JOEL Jeffrey was born into Australian football.

Barely a week after he entered the world in 2002, Jeffrey sat in the premiership cup won by Palmerston in the Northern Territory Football League – a team coached by his father, Russell.

"As soon as he could crawl, he was pushing a footy around," Russell Jeffrey told

"And once he could get up on his feet, he was kicking it around.

Joel Jeffrey celebrates a goal for Gold Coast against the Western Bulldogs in R10, 2022. Picture: AFL Photos

"He's always had a footy in his hands and he's never waned in his love of the game and his dedication to it.

"His brothers played, his sister played. We were never short of footies."

On Saturday night, like fellow Territorian Mal Rosas jnr, Jeffrey gets to live out a childhood dream when playing at TIO Stadium, a ground he's played on his whole career, in front of his family and friends for Gold Coast against Hawthorn.

Gold Coast Suns players Joel Jeffrey, Jy Farrar, Sean Lemmens, Mal Rosas jnr and Izak Rankine help launch the club's Sir Doug Nicholls Round guernsey on May 12, 2022. Picture: AFL Photos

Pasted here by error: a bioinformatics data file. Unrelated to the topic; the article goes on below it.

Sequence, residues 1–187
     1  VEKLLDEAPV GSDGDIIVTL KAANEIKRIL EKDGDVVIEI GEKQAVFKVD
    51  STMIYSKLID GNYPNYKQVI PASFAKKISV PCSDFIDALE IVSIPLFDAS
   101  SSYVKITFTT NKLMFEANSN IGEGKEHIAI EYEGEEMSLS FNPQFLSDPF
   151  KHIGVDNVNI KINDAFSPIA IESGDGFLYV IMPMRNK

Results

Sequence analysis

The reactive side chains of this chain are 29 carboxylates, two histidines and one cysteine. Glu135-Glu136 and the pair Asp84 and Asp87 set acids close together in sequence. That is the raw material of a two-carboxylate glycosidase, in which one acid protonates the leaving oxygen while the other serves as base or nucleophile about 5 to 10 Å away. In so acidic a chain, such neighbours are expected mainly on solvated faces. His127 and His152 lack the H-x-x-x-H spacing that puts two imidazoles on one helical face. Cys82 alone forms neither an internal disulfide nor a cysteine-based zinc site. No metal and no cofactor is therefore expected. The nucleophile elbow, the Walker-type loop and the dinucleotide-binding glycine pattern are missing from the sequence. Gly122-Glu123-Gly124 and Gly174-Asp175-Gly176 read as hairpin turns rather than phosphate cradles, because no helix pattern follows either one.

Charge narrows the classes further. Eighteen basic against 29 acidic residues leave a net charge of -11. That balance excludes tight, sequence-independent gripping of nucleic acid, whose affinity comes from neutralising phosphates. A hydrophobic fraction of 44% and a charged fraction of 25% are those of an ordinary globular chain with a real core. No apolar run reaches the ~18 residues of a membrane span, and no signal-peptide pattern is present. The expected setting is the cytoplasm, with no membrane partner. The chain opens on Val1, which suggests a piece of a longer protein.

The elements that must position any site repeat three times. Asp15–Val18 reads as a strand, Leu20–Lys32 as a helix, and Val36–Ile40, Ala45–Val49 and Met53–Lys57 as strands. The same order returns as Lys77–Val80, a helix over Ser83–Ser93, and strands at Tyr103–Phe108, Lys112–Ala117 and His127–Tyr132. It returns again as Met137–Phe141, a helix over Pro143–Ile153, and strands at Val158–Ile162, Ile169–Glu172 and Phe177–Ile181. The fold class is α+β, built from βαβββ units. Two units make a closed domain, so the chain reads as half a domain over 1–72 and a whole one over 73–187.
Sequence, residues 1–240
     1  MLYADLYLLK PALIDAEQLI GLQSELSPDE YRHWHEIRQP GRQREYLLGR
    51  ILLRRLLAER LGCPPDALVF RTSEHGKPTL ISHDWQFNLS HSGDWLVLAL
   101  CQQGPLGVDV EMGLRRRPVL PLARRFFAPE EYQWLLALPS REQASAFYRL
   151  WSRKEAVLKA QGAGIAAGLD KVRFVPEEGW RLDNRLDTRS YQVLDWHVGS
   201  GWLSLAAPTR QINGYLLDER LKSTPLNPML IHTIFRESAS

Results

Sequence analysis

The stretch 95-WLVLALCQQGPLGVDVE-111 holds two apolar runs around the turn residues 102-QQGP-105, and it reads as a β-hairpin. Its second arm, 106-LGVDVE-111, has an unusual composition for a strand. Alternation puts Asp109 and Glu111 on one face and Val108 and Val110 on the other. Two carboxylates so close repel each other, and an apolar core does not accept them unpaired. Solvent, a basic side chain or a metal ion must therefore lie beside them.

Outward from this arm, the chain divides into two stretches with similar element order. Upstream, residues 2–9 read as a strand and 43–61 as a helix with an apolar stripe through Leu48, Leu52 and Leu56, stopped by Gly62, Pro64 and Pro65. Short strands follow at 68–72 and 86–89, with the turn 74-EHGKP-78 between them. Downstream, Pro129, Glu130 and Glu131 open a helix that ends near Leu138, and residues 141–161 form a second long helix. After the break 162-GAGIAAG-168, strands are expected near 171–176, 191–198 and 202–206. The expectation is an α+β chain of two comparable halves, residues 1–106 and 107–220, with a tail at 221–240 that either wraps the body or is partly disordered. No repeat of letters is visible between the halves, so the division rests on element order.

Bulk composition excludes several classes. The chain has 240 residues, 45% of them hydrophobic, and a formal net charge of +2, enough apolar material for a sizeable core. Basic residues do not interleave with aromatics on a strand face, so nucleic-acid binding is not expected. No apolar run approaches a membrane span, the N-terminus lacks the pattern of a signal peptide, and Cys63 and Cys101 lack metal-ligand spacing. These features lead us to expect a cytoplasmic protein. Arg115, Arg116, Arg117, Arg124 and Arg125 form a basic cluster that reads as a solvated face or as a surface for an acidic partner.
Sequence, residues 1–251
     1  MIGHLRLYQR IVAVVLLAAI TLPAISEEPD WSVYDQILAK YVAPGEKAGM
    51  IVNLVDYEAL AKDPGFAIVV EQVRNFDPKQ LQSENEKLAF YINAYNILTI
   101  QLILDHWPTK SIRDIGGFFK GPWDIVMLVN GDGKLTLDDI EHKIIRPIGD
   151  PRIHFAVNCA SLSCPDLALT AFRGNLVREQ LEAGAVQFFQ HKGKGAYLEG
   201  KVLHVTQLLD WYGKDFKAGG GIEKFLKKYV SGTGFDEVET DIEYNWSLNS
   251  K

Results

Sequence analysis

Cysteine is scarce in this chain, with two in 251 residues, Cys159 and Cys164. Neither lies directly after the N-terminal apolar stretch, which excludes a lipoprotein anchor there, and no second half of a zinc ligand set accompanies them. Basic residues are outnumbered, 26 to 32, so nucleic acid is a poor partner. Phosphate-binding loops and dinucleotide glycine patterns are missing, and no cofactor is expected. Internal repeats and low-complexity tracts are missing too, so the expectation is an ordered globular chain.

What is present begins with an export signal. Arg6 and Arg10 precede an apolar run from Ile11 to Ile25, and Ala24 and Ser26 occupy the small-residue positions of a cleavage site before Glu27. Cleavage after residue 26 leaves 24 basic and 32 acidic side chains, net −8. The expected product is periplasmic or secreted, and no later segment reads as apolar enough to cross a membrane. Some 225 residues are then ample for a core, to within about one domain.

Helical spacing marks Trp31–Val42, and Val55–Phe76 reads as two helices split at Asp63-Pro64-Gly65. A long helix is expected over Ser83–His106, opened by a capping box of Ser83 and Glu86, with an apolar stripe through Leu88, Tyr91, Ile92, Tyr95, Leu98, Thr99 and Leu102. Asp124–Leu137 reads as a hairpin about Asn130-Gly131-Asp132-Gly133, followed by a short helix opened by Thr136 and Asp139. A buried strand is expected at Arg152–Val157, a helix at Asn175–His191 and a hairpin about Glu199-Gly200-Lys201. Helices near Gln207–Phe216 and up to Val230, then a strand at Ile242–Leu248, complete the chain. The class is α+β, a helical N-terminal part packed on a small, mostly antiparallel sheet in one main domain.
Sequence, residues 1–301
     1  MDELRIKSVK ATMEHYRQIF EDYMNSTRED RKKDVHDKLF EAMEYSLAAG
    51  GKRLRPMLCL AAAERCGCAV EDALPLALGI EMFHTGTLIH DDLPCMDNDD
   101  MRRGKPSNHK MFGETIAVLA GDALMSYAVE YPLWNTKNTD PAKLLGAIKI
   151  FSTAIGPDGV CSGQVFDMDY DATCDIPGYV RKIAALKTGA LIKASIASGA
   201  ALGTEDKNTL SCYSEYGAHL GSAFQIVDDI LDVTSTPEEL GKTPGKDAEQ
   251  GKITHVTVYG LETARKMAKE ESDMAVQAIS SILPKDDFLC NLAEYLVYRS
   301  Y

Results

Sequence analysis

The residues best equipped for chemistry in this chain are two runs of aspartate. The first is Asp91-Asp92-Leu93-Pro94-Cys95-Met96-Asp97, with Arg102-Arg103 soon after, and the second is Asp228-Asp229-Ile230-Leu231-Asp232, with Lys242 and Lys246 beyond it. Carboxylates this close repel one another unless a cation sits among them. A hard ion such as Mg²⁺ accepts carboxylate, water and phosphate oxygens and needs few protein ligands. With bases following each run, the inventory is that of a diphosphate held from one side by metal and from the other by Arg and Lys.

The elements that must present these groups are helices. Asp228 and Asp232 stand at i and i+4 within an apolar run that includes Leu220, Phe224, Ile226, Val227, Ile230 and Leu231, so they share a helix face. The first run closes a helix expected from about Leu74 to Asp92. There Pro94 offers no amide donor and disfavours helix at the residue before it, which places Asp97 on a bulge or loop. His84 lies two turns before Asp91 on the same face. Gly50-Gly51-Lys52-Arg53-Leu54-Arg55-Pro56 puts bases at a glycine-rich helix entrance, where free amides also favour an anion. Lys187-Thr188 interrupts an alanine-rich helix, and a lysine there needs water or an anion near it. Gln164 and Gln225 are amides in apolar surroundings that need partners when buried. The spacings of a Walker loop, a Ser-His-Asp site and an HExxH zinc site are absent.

The 20-year-old did not have to look far for inspiration when growing up.

Russell is a Northern Territory legend, being named in the NT Team of the Century after winning premierships as a player and coach and representing NT on 24 occasions.

He played 50 VFL/AFL games for St Kilda and the Brisbane Bears from 1987-1992 before settling in the Top End in the mid-1990s.

The second youngest of six children, Joel said he "idolised" his father growing up.

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"He's the one that put me on the right path to play AFL," he said.

"He's been a big influence, and so has mum (Kim), and I can't thank them enough."

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NAB AFL Rising Star: Joel Jeffrey stars in round 10

Watch the highlights and find out why Joel Jeffrey gets the NAB AFL Rising Star in round 10

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Joel was the typical son of a player/coach, at his father's feet in changerooms, and even more regularly, in the backyard with his siblings.